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Welcome to world of Kudzu. If you’re new here, you may want to read Chapter 1 first. You may even want to check out Kudzu: A Prologue in the just-released Sparkito Press anthology, Galactic Creatures, (which seems to be not-out-yet on Amazon, but is also available at the Dark Quest Books website) featuring stories by Rosemary Edghill, C.J. Henderson, and others.

Chapter 2

Sixty-five years.

Gone in the blink of an eye.

A thin layer of dust covered everything. Tharp rubbed his fingers together, feeling the fine silt in the grooves and whorls of his fingerprints. His footsteps echoed eerily through the empty corridor. Motion sensors flicked LEDs on as he walked, extinguished them in his wake.

He used to love the corridors; he’d jog the circumference of all six rings every day, glorying in the burn in his legs and the view through the porthole windows, showing the ship stretched out and beyond that, the stars, and infinity. Now the tangled wreckage was just a reminder of everything they had lost.

Each ring rotated around the ship’s hub, mounted on four spokes. Two of the spokes housed elevators; the other two were filled with wires and tubes and God knew what else. It wasn’t his job to know, but then, it wasn’t his job to be responsible for the lives of seven other people. He was supposed to be responsible for the research. For the ice and mineral analysis.

The cryonics chambers were on the opposite side of the ring from the bridge, counter-balancing bulges in the forward ring. The fastest way there was straight through–elevator from the bridge to the hub, a quick hop across the hub, and then the opposite elevator down to cryonics.

Tharp hesitated at the elevator door. He hated the elevator, the stomach-twist as gravity increased and then went away. He hated the sickening always-falling feeling of weightlessness, the loss of control. He hated the hub, which reminded him of nothing so much as some sort of cybernetic intestinal tract.

Tharp hurried down the corridor, almost jogging the half-mile to the other side. He kept his eyes on the floor, and didn’t look out the windows.

He hated the windows. And the corridor. He hated the whole ship, which had failed him so thoroughly, so catastrophically. And he hated the cryonics chamber, which had stolen so many years of his life.

It was an awful lot of hate for an inanimate object, for a damned spaceship, when all evidence showed that he was going to be stuck on it for a lot longer than he had hoped. Sometimes he envied Amelia. As the pilot, she constantly had a myriad of little tasks to occupy her time. She never had to think about the big picture, about the enormity of it all. And really, the raccoons were lucky that way, almost childlike in their thought processes.

She made a good pilot, though. Probably better than a human would have done, for her ability to focus in on the task at hand without being distracted by deeper thought. Especially any of the humans who’d survived the accident. Amelia was the only reason they’d even made it this far.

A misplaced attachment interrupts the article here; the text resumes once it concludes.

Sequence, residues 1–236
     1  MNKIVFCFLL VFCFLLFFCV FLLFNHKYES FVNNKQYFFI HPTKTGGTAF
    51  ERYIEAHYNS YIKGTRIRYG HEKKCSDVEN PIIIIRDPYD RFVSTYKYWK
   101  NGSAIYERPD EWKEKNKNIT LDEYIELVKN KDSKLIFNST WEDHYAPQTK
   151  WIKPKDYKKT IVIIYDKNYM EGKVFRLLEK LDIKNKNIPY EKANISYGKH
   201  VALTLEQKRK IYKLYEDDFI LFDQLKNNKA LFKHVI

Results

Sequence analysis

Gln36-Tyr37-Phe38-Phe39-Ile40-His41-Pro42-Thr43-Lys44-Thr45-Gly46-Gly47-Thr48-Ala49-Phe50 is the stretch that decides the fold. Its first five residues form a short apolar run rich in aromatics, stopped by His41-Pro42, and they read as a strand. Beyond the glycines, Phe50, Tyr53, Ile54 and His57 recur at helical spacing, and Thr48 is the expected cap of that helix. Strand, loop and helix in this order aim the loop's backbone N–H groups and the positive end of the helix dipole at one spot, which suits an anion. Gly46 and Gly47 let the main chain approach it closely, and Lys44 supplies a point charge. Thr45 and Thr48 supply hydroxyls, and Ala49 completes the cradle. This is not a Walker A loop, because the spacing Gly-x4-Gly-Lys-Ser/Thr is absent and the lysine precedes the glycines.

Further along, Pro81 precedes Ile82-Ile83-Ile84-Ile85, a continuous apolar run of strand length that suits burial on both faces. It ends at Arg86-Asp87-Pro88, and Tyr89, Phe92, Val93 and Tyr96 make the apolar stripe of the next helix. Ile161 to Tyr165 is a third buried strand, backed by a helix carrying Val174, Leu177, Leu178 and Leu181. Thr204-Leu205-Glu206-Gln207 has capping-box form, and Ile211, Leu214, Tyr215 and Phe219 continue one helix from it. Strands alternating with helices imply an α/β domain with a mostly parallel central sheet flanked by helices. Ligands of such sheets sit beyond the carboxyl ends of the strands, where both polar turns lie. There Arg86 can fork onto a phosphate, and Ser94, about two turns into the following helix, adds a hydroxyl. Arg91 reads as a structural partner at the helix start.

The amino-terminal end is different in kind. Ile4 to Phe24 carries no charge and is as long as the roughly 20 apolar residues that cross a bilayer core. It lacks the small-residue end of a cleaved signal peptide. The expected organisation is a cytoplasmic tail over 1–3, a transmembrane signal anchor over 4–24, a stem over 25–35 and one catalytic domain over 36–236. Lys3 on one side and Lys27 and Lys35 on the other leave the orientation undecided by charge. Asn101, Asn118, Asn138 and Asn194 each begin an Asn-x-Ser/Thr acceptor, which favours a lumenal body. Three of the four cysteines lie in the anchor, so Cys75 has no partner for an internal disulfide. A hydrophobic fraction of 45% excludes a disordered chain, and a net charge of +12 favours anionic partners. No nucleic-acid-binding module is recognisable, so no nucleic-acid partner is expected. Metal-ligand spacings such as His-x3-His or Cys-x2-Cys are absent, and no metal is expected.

Tharp took a deep breath, and pressed his hand to the sensor.

The door slid open for him.

Row after row of pods, enough for a hundred people. Empty, all but six of them. The remaining crew clustered together in front of him: three men, two women. One raccoon.

There was no question as to who to revive first. The ship was broken, and as dislikeable as he was, Earl Jaworsky was the only person left alive who knew how to fix any of it.

The mobile control panel was stupidly complex. Tharp wheeled it over to one of the pods. Inside, Earl Jaworsky’s massive, tattooed body lay motionless, still as death. Wires ended in pads stuck to his thick-furred chest, his neck, and balding head. Tubes ran through his nose and mouth, his urethra and anus. Another tube–and this was the one that made Tharp’s knees go weak, even more than the urethral catheter–ran from the pod’s machinery directly into Jaworsky’s chest: the heart bypass tube that ran clear, cold cryo fluids through Jaworsky’s body.

Tharp cursed under his breath. It was tricky and complicated bringing someone back from the dead–or the near-dead, at least–best left to the automated systems. Each person was unique, and the cryo process was tailored to each body; reversing it was strongly tied to what had been done to start. Even the neural link to Jaworsky’s prosthetic hand needed to be taken into account, presumably, if he expected to be able to use it. With half the computer systems destroyed and most of the rest locked down until the ship’s command staff–all of whom were dead–could enter the access codes, they could only keep the data for one person to be auto-revived. That honor was reserved for Amelia, who needed to be woken every few years to pilot the ship. Everyone else had to trust that whoever tried to bring them back didn’t mistype any of the data on the faded printouts.

Now, with the ship still mostly inoperable and Earth-space mysteriously empty, they needed to get as much as possible working again, as fast as possible. And since Hendricksson’s hackery still hadn’t managed to break the codes in the sixty-five years they had been running, they needed to start bypassing the primary computer systems entirely. And for that, Tharp needed Jaworsky.

Astounding that the most valuable people on the ship right now were a raccoon and a glorified janitor.

Tharp studied the control panel, trying to remember what the procedure was to bring someone safely out of deep sleep.

He uncoiled the thick universal cable and plugged into the port on the side of the pod–the only port it would fit in, so that, at least, was right. His fingers hovered over some of the buttons, ready to enter the initializing sequences. He hesitated. Was it the right sequence?

“Godammit,” he said, stepping back from the machine.

There was a manual in the recovery lounge. He settled in to read.